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Fear Factor: What Keeps Organizations Stuck In “Business As Usual”?

By January 19, 2021No Comments

I recently sat across from a senior executive at a well-known, global company and he told me, “We are not interested in breakthroughs – we are happy with incremental improvement”. I nearly fell out of my chair.  It was almost as if he told me he was happy with his Sony Walkman or VHS player. However, his comments got me wondering – “What would have someone – or some organization – “fear” innovation, creativity, or breakthrough?

Based on my continued conversation with this particular executive, and reflecting over similar conversations in the past, it occurs to me that their “fears” share some common ground:

  • Fear of losing control:  Innovation is often “messy”.  Creativity is a non-linear process.  Management is about two things and only two things: control and predictability.
  • Fear of giving up what has made us successful:  The vast majority of my clients are extremely accomplished before hiring Insigniam.  Often they are number 1, 2, or 3 in their industry.  A common concern is, “You want me to stop doing what I know works for something new?”  It’s a bit like a trapeze artist that has to let go of their secure grip on their bar, and trust that another bar is waiting for them after their triple summersault.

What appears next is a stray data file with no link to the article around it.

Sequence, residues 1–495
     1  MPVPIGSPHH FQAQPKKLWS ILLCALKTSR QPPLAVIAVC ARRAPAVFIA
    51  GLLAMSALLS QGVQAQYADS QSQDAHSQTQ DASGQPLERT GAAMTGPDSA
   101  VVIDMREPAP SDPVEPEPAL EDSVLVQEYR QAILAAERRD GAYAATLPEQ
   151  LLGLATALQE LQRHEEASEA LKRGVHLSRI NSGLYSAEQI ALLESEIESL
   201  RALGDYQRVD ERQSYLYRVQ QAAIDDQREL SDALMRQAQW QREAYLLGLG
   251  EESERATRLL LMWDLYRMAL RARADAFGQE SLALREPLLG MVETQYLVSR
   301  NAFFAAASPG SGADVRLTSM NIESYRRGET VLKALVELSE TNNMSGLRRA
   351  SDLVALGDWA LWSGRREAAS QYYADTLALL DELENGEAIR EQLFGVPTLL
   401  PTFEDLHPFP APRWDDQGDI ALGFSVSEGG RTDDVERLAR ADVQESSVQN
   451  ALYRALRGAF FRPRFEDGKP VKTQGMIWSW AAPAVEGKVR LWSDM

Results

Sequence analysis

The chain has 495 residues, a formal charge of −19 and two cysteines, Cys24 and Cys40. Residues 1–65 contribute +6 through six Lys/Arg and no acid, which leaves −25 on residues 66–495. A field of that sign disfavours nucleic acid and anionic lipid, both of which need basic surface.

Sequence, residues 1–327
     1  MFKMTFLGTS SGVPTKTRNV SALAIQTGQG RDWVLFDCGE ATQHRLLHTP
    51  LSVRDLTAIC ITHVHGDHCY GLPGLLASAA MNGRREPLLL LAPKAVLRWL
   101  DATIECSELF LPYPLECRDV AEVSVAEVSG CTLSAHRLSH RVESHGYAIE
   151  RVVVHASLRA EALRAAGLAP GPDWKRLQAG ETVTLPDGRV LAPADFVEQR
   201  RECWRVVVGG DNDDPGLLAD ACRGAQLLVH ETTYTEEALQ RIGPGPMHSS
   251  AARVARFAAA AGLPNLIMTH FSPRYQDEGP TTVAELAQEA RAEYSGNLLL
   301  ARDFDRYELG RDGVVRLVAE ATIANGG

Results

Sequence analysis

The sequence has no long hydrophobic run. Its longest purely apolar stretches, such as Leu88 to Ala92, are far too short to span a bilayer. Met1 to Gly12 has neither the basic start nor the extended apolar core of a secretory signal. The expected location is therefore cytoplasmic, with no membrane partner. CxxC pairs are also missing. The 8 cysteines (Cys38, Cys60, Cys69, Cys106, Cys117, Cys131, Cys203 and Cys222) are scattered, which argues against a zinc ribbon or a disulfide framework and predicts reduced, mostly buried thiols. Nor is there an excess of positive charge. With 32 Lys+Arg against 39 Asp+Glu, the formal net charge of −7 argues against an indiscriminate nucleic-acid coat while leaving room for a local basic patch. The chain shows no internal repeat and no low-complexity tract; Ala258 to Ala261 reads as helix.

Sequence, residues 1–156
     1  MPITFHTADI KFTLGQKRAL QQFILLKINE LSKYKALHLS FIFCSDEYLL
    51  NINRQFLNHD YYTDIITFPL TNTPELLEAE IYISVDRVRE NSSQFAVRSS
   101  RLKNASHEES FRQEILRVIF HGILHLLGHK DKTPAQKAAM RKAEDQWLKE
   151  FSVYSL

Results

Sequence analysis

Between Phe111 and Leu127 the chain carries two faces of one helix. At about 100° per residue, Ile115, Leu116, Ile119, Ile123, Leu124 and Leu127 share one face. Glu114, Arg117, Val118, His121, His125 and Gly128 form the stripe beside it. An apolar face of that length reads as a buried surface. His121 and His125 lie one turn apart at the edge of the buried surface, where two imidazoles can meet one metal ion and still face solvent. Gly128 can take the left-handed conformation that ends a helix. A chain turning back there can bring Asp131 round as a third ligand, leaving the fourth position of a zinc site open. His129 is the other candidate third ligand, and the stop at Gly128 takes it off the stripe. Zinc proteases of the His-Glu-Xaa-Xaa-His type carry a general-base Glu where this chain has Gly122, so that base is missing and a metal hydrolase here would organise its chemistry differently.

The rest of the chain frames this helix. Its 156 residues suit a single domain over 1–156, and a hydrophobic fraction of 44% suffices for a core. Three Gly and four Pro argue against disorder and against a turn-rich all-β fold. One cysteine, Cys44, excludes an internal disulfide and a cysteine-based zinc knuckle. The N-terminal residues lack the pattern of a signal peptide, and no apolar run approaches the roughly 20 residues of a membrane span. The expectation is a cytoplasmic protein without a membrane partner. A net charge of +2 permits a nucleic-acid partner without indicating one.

• Fear of the unknown:  Human nature dictates that we survive – even if our survival is just that – holding on, tolerating things that are unworkable, even suffering.  Time and time again I see people in business chose to stick with something that they openly and vociferously complain about – because it’s the devil that they know.
  • Fear of having to deliver something extraordinary – again and again:  Many organizations are set up to reward status quo performance and results.  People that row too hard are criticized by their peers and can be seen as a threat by their managers.  The unspoken fear in many organizations is “If I produce something extraordinary, that will become the new expectation moving forward.”  If “Breakthrough” becomes expected, how will I continue to deliver?

What fears have you seen get in the way of breakthroughs in your organization?

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